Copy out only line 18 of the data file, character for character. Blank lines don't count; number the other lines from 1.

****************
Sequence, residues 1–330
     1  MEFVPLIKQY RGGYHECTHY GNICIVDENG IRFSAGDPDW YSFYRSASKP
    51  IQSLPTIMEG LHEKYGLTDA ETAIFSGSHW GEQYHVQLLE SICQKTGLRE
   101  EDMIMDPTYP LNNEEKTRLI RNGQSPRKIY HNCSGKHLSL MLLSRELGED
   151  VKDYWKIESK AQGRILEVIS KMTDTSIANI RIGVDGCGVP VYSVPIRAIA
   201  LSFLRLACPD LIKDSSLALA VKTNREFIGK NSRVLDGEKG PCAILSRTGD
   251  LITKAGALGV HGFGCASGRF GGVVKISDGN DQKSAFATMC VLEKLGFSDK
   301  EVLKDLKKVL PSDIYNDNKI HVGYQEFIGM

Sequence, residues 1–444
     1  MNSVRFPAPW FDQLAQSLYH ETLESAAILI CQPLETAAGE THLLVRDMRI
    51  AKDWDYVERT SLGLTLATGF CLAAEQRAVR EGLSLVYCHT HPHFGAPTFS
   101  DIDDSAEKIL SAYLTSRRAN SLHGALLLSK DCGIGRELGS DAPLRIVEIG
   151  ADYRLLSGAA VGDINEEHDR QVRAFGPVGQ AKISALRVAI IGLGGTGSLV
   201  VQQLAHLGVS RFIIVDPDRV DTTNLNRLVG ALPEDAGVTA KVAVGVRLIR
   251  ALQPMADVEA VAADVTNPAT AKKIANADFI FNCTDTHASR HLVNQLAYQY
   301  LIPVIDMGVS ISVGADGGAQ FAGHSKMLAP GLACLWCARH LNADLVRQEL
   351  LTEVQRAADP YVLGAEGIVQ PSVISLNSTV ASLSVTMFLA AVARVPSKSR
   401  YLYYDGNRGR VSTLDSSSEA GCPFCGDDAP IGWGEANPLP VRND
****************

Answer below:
   401  YLYYDGNRGR VSTLDSSSEA GCPFCGDDAP IGWGEANPLP VRND